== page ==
3.4.2 Elicitation Method

Contingent Valuation elicitation questions can be designed as two basic forms namely: open-ended or closed-ended. For an open ended question, the respondent was asked to state the maximum amount at which he or she is willing to pay for the good that is being valued. For a closed-ended CV question, the respondent was asked whether he or she is willing to pay a specified amount presented as the value of the ameliorated service. For the closed-ended questions, the respondent is supposed to reply “yes” or “no.” Closed-ended questions have been the preferred form of elicitation question since it was introduced by Bishop and Heberlein (1979). In contrast, open-ended questions provide more information than closed-ended questions; and do not require econometric modeling to analyze, as the mean WTP values of respondents can be readily estimated by simple arithmetic. However, answering an open-ended question on a new commodity requires a higher level of cognitive demand on the part of respondents, because individuals are typically not accustomed to performing such tasks in daily life decision making.

3.4.3 Questionnaire Design

The questionnaire includes the questions about socio economics, household characteristics, and attitude towards the accident. In addition, the Willingness-To-Pay to increase the safety was asked by using the CV method. The example of questionnaires used in this study was shown in Appendix A.

The questions in the questionnaires can be classified in three broad categories as follows:

1. Valuation questions that are used to provide estimates of the relevant marginal rates of substitution of wealth for a small reduction in the probability of fatal and non fatal accidents.

2. Behavioral questions that are meant for measuring the degree of applied risk-taking through habitual practices on the road.

3. Personal questions that are used to solicit information on gender, age, income, and other details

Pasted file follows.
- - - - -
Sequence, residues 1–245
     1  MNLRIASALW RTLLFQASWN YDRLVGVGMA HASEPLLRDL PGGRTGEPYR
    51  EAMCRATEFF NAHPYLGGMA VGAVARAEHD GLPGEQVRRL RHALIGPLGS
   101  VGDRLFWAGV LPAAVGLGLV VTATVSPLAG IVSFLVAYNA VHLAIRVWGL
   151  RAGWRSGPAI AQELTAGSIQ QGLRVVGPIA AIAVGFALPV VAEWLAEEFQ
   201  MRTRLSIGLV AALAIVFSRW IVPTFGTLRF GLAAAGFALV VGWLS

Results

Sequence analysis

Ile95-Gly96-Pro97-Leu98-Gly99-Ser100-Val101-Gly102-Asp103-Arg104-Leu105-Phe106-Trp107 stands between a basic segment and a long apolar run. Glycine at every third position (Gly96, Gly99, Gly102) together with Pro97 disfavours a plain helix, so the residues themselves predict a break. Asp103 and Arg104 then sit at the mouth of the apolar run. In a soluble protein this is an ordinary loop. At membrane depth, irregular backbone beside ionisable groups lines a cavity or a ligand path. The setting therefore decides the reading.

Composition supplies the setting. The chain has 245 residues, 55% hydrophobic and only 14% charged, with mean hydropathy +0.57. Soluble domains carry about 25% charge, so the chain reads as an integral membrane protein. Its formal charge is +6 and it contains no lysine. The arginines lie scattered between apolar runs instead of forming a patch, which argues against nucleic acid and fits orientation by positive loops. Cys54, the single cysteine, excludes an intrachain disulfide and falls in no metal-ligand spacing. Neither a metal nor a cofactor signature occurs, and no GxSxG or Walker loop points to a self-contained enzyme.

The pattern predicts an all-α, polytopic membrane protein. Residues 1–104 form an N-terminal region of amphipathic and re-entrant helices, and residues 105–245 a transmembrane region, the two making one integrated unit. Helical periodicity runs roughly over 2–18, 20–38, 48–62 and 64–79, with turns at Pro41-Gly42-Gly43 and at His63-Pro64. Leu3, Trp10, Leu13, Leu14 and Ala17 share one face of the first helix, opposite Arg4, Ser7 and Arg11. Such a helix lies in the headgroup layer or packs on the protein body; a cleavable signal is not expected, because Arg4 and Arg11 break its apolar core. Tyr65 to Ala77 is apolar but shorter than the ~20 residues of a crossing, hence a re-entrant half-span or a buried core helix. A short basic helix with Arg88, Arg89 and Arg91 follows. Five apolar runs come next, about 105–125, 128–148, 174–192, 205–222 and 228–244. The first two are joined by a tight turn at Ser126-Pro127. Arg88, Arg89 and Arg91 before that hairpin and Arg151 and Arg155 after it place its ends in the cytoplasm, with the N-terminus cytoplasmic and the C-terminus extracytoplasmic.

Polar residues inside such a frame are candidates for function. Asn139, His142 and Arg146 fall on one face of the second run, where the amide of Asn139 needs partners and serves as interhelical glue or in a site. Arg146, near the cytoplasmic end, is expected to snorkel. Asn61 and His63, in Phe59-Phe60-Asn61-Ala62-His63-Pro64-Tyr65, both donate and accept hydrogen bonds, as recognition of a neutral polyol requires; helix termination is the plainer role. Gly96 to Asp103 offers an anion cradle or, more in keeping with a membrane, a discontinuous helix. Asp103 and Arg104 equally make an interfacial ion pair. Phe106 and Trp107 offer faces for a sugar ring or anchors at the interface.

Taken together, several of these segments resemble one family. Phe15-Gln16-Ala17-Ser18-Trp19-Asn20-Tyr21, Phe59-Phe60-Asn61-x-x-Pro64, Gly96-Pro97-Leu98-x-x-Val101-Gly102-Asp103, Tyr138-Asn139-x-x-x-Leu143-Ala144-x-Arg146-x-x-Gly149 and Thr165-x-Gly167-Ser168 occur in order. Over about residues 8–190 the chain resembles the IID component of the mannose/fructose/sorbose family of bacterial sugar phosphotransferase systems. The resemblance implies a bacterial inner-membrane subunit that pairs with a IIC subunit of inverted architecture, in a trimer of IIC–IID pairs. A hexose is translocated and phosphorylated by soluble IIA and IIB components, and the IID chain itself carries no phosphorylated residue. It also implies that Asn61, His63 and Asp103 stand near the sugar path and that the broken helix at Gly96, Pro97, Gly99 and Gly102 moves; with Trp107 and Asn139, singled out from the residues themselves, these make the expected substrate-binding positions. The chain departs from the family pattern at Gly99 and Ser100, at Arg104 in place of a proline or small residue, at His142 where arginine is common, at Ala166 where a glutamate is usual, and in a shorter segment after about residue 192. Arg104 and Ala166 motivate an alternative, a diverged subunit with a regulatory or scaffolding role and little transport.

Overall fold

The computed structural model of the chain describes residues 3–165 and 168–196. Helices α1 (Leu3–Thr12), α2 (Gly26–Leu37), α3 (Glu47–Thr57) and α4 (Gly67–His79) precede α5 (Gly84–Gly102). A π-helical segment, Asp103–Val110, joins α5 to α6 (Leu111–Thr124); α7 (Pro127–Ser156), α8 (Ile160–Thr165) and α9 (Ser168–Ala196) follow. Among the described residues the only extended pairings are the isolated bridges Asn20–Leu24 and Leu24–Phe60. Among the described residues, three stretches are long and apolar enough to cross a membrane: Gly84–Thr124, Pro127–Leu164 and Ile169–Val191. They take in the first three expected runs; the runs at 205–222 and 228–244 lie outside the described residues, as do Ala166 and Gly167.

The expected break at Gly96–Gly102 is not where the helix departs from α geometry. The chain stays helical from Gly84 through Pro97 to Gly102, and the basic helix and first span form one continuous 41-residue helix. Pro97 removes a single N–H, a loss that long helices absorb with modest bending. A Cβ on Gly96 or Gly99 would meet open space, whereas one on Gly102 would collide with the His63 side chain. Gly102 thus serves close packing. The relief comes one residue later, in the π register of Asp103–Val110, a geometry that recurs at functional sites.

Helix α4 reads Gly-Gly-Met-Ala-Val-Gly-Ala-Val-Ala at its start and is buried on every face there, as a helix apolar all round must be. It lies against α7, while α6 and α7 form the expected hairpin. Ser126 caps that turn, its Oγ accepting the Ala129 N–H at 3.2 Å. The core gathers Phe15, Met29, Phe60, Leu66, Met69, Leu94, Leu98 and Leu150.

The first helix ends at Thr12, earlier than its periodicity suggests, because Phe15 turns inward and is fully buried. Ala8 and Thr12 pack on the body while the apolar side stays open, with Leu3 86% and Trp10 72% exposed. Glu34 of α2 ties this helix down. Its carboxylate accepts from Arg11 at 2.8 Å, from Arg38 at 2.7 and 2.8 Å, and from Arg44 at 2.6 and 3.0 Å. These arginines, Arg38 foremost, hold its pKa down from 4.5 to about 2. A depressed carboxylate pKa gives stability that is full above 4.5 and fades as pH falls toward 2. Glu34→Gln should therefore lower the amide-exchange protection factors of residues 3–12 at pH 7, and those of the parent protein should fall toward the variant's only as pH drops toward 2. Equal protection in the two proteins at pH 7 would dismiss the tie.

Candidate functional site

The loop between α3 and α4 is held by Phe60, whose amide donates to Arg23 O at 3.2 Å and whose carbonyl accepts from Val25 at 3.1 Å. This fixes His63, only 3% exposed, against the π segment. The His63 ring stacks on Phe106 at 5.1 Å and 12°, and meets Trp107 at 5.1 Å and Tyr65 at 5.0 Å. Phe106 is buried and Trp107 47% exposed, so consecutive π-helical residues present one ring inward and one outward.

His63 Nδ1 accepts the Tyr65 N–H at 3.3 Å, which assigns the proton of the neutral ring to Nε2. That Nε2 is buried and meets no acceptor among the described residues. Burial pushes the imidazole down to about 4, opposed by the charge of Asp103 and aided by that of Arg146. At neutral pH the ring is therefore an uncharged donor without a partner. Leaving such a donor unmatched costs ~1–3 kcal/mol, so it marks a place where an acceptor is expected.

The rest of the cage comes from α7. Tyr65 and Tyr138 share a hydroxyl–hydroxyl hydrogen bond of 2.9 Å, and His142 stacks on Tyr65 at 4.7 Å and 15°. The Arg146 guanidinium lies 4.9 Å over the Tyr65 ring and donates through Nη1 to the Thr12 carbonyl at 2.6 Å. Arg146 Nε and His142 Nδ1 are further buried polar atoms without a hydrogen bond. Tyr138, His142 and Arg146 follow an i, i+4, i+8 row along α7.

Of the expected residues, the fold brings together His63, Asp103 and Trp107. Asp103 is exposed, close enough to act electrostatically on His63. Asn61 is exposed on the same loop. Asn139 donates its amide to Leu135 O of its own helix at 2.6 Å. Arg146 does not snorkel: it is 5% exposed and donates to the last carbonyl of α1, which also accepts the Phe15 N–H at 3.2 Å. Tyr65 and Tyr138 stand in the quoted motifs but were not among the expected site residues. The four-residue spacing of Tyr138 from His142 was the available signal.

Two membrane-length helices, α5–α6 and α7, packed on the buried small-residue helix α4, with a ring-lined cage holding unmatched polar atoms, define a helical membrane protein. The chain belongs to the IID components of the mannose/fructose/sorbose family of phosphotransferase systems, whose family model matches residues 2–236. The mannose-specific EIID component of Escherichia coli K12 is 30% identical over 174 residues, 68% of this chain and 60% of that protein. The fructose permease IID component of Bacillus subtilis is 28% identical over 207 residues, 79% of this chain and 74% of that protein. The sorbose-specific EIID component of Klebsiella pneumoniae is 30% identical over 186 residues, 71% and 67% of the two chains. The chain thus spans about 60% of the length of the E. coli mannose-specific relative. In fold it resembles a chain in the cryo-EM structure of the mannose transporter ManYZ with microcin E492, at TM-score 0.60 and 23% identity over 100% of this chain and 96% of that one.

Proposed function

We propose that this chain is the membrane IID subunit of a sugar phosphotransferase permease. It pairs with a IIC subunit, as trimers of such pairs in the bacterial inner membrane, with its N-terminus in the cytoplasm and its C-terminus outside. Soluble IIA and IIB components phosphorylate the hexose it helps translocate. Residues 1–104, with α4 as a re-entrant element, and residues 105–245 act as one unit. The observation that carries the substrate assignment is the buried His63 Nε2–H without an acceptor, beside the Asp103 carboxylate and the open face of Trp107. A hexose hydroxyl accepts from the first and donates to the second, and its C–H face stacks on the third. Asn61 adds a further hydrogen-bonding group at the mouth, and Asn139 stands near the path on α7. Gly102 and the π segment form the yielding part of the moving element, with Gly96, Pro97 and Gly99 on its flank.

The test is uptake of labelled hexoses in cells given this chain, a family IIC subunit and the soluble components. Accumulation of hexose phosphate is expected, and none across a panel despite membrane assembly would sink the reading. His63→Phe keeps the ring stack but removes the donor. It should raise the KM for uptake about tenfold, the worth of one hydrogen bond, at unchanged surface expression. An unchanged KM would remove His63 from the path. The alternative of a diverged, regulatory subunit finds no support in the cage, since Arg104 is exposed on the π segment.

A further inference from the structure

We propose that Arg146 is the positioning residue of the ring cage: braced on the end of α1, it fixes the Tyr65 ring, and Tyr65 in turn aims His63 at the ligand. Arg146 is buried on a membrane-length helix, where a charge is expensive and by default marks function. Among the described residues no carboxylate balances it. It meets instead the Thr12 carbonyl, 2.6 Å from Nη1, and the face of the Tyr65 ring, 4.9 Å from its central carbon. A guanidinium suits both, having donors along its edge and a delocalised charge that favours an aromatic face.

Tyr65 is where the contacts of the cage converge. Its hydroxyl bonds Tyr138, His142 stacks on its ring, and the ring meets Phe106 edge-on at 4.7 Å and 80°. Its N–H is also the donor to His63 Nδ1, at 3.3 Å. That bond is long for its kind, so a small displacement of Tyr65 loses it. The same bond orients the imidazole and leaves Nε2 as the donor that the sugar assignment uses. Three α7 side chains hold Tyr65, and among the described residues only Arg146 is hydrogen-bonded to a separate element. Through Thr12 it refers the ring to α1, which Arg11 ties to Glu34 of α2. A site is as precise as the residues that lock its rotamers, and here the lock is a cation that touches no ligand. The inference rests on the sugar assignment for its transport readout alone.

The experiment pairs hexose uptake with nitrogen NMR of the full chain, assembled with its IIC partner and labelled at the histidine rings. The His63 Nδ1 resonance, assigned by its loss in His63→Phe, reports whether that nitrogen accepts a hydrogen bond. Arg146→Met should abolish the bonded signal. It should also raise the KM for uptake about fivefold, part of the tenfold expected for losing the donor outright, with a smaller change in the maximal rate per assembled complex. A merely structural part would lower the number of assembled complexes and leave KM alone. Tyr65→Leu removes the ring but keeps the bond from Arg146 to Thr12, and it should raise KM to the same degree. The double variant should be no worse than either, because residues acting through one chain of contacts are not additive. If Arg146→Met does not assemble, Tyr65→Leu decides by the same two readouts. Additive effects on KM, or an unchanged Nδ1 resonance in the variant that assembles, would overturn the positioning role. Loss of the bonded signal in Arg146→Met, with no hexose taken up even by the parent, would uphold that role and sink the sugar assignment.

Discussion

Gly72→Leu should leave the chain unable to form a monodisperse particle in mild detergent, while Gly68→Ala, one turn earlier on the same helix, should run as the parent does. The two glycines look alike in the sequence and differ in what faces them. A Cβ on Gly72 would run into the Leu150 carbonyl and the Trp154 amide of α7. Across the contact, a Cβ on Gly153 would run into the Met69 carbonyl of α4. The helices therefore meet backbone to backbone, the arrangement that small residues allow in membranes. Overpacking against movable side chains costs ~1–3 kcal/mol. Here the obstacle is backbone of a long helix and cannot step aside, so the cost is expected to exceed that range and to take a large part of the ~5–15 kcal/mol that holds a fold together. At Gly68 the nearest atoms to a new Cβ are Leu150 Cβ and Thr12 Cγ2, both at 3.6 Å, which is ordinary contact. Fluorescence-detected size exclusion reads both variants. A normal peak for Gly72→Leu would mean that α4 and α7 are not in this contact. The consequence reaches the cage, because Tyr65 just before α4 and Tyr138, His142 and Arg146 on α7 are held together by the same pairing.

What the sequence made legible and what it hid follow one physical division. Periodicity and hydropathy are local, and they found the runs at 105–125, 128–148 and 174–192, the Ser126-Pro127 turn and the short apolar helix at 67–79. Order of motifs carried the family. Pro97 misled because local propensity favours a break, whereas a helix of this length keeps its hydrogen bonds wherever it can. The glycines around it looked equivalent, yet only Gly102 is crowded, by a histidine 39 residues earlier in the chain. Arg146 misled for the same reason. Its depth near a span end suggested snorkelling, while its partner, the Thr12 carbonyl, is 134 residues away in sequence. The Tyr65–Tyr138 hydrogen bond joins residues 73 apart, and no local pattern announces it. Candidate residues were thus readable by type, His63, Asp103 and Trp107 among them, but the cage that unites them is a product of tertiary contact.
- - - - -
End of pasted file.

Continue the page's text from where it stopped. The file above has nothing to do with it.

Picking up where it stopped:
The questionnaire includes the valuation questions in three scenarios. Each scenario was filled out as two elicitations which are the open-ended and closed-ended method. The objective of the survey was to evaluate the WTP of respondents in their own risk of death and injury. In stated of motorcyclist in Thailand, three scenarios were used to ask respondents, each scenario implying a private risk reduction. For the first scenario, the respondents were asked to imagine that he/she had to take a bus in order to go to Khonkaen province. The cost of the bus depends on condition of bus and driver in terms of safety. For example, it is assumed that for Bus A the cost of travelling to Khonkaen is 250 baht per trip, your chance of dying due to the road accident while travelling using this bus is 16/100,000 each year. Therefore, he/she was asked that “How much you willing to pay for preferable bus to Khonkaen to avoid mortality risk from 16 to 8 death persons every 100,000 persons”. For the second scenario, for example, the respondents were asked to imagine that he/she has to put the helmet. He/she has two choices for helmet type. The sample of the question is that for Helmet A, the cost of helmet is 400 baht per helmet, the chance to have severe injury due to the road accident is 26/100,000 each year. Therefore, he/she was asked that “How much are you willing to pay for better helmet quality to reduce the risk of severe injuries due to accident from 26 to 13 severe injury persons in every 100,000 persons”. For the third scenario, the respondents were asked to imagine that he/she has to choose the wheels to prevent the slippery of motorcycle. He/she has two choices for wheel types. The example of the question is that for Wheel A, the cost of this type of wheels is 600 baht , and the chance to have slight injury while accident occurred is 300/100,000 each year. Therefore, he/she was asked that “How much you willing to pay for better wheel quality to save risk of minor accident from 300 to 150 minor injury persons every 100,000 persons”.